Homework id: translate; Extension: py; For this assignment, the file I turn in would be named jgc53_translate.py.

To get every third base, you can build a for loop that looks like the following. Use a variation on this to identify each codon:

for e in range(0,len(s),3):
        print s[e]

Example input 1:

Enter a DNA sequence:

Example output 1:

Forward orientation:
Reverse orientation:
Forward complement orientation:
Reverse complement orientation:


One step in this process is going to be building a dictionary where you can look up codons to get the amino acid that they code for (or the * in the case of stop codons). You should pull the genetic code off the web from somewhere, and refer to the Generating dictionaries section of Chapter 9 of Practical Computing for Biologists. You’ll go back to your regular expressions for this process.

Programming Assignment 1 (8 Nov 2012)

Write a program that does the following:
  • query a user for an input sequence
  • print the sequence, all in uppercase, in four orientations (forward, reverse, forward complement, reverse complement), where forward refers to the sequence that was passed in.
  • print the GC content (percent of the sequence which is either G or C) of the forward orientation of the sequence
  • print the length of the sequence


Complementing the sequence can be tricky with your current skill set. You may need to go through an intermediate state by replacing characters with some other character. There are many ways to do this and the goal here is to get the right answer. I don’t care how you implement it.


To reverse a string s, you can use the command s_rev = s[::-1] We’ll talk about this syntax within the next couple of weeks - for now, just treat this command as magic.


To perform real division using integers, add the following line at the beginning of your file (just after the shebang line): from __future__ import division


Homework id: sequence_stats; Extension: py; For this assignment, the file I turn in would be named jgc53_sequence_stats.py.

QIIME analysis (25 Oct 2012)


This assignment involves large data files. You will need to work in your scratch directory, or you will run out of space. On logging into the cluster change to /mnt/<nau-id> where <nau-id> is your NAU identifier. For example, I would do this by running the command: cd /mnt/jgc53.


Remember that the screen command will be important to allow your analyses to continue running if your network connection is interrupted. You can find details on screen here.


This assignment is designed to force you to use existing resources (internet, primary literature) to learn to use an existing bioinformatics tool to address a biological question. Because of the amount that you’re expected to learn on your own, this homework will involve additional effort relative to the others so far this semester. It will be a lot easier if you begin by working through the Illumina Overview Tutorial, followed by the QIIME Overview Tutorial. There is no class on 16 October 2012: use that time to get started on this!

Begin by reading Fierer et al. You will use QIIME to reproduce the analyses presented in this paper.

Data analysis: You will perform a complete QIIME analysis of the data set presented in Fierer et al, and turn in the following items:
  • A 3 page (maximum!) paper describing your analysis. Write this as if you’re submitting to a journal, so should contain an Introduction section describing the hypotheses being addressed and the strategy for addressing these (refer to Fierer et al), a Methods section containing a brief description of your bioinformatics methods (e.g., what version of QIIME, what type of OTU picking was used) and how the data was generated (e.g., sequencing platform), and a Results section describing the results of your analysis. Your 2-3 pages should include a beta diversity PCoA plot (generated by beta_diversity_through_plots.py; focus on Unweighted UniFrac, which is what we discussed in class) in a view that supports your conclusions, and an alpha rarefaction plot (generated by alpha_rarefaction.py). You should also include a table that lists the five OTUs that are most significantly different across the Subject category in your mapping file (generated by otu_category_significance.py). Figures and tables should take up no more than one total page of your paper. This paper must be turned in as a PDF - .doc or other word processing formats will not be accepted.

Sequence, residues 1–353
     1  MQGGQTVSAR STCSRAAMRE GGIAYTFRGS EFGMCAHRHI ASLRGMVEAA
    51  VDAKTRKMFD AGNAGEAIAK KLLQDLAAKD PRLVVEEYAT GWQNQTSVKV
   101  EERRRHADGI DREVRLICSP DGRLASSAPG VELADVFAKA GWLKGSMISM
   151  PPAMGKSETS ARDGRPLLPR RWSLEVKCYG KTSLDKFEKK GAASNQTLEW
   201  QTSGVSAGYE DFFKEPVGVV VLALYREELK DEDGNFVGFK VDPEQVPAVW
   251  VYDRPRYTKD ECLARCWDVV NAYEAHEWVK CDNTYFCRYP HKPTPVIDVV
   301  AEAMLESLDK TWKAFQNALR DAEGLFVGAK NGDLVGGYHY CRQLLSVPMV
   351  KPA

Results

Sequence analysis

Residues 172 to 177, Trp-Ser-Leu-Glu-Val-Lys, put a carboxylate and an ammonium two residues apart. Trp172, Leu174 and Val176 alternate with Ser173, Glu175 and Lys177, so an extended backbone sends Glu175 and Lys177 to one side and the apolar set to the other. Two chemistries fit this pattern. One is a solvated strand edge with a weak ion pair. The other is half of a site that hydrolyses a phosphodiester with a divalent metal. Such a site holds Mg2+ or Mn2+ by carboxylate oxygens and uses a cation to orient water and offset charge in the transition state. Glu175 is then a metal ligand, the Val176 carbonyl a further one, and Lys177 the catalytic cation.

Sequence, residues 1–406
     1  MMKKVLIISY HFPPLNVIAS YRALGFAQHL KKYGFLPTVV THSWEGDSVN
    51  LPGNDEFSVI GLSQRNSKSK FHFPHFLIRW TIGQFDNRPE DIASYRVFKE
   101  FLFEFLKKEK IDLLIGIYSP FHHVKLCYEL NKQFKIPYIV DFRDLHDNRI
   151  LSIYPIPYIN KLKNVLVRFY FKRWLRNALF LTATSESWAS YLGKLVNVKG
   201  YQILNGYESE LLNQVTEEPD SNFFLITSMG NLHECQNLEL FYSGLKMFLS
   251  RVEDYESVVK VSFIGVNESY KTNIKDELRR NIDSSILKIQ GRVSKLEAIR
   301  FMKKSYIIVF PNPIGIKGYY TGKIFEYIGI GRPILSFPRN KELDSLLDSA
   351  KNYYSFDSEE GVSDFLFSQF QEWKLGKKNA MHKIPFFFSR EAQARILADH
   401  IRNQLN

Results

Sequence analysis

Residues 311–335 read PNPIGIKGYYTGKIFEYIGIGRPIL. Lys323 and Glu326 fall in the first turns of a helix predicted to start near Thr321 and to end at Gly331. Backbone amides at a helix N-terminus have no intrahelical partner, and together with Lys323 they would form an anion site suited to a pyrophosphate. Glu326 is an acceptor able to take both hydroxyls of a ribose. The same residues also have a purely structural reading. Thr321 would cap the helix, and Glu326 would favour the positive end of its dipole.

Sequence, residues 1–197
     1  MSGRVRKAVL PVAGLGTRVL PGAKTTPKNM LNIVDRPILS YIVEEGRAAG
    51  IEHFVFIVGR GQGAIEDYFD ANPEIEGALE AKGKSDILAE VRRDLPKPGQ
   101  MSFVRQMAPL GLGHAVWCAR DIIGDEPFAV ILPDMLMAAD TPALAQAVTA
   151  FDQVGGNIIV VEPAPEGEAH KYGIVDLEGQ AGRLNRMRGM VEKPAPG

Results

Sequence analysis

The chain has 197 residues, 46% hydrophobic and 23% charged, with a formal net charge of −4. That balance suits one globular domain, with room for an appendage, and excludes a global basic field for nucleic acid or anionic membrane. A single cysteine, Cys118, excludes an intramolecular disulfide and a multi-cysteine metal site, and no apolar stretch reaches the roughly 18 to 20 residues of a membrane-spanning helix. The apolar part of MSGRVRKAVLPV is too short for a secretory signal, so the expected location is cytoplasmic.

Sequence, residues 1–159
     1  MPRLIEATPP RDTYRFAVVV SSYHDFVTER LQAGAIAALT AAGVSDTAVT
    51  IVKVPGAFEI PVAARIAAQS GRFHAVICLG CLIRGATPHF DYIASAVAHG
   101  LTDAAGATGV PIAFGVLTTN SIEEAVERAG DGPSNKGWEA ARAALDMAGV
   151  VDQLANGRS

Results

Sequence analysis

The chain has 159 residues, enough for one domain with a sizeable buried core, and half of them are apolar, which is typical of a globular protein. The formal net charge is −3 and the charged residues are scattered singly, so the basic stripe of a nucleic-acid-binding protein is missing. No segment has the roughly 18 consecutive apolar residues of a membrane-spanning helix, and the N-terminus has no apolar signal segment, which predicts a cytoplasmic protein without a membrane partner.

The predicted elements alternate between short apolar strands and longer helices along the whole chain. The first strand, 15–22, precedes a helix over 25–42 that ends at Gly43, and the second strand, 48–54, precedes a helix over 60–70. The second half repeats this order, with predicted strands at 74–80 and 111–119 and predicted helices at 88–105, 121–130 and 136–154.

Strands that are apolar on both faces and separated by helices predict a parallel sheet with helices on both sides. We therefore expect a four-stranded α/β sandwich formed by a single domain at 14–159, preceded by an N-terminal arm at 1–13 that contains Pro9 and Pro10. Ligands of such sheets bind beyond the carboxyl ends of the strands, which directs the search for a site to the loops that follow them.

• Evenly sampled OTU table (generated by beta_diversity_through_plots.py). This should be provided as a gzipped .biom file.
  • Text file containing the full list of commands that you ran to generate the above data, noting any problems that you ran into along the way.

The following commands will get you started. Run these after logging in to your cluster account.

# CHANGE TO YOUR SCRATCH DIRECTORY (remember <nau-id> should be replaced by your NAU identifier)!!!
cd /mnt/<nau-id>

# download the Fierer data
curl -O https://s3.amazonaws.com/s3-caporaso-share/fierer_forensic_keyboard_assignment.tgz > fierer_forensic_keyboard_assignment.tgz

# unpack the tgz file and change to the resulting directory
tar -xvzf fierer_forensic_keyboard_assignment.tgz
cd fierer_forensic_keyboard_assignment

# generate .fna and .qual files from the sff file
process_sff.py -i ./

The steps in the QIIME Overview Tutorial are the next place to go from here... Good luck!


Homework id: qiime; Extension: biom, pdf, and txt; For this assignment, the files I turn in would be named <userid>_qiime_otu_table_even.biom, <userid>_qiime_paper.pdf and <userid>_qiime_analysis_notes.txt.

E-mail your files as three separate attachments to alk224@nau.edu.

Shell script (due 9 Oct 2012)

In this assignment you will automate retrieval and processing of PDB files with a shell (bash) script, and turn that script in. We will run that script and grade you on the results. Your script should perform the following steps:

  1. Create a new directory called <nau-id>_pdb_files (e.g., mine would be called jgc53_pdb_files).